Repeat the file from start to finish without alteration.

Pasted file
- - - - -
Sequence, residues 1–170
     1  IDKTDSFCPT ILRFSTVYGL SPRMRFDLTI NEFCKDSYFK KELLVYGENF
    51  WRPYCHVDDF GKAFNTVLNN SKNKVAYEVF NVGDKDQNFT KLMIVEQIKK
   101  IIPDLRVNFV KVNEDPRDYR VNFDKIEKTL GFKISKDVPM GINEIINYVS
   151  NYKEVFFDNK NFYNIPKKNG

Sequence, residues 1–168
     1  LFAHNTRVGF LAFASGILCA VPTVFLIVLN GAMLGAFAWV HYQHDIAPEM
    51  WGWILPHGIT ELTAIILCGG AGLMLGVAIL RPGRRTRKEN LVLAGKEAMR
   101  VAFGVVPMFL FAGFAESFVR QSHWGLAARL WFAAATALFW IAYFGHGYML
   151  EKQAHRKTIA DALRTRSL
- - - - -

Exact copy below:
Sequence, residues 1–170
     1  IDKTDSFCPT ILRFSTVYGL SPRMRFDLTI NEFCKDSYFK KELLVYGENF
    51  WRPYCHVDDF GKAFNTVLNN SKNKVAYEVF NVGDKDQNFT KLMIVEQIKK
   101  IIPDLRVNFV KVNEDPRDYR VNFDKIEKTL GFKISKDVPM GINEIINYVS
   151  NYKEVFFDNK NFYNIPKKNG

Sequence, residues 1–168
     1  LFAHNTRVGF LAFASGILCA VPTVFLIVLN GAMLGAFAWV HYQHDIAPEM
    51  WGWILPHGIT ELTAIILCGG AGLMLGVAIL RPGRRTRKEN LVLAGKEAMR
   101  VAFGVVPMFL FAGFAESFVR QSHWGLAARL WFAAATALFW IAYFGHGYML
   151  EKQAHRKTIA DALRTRSL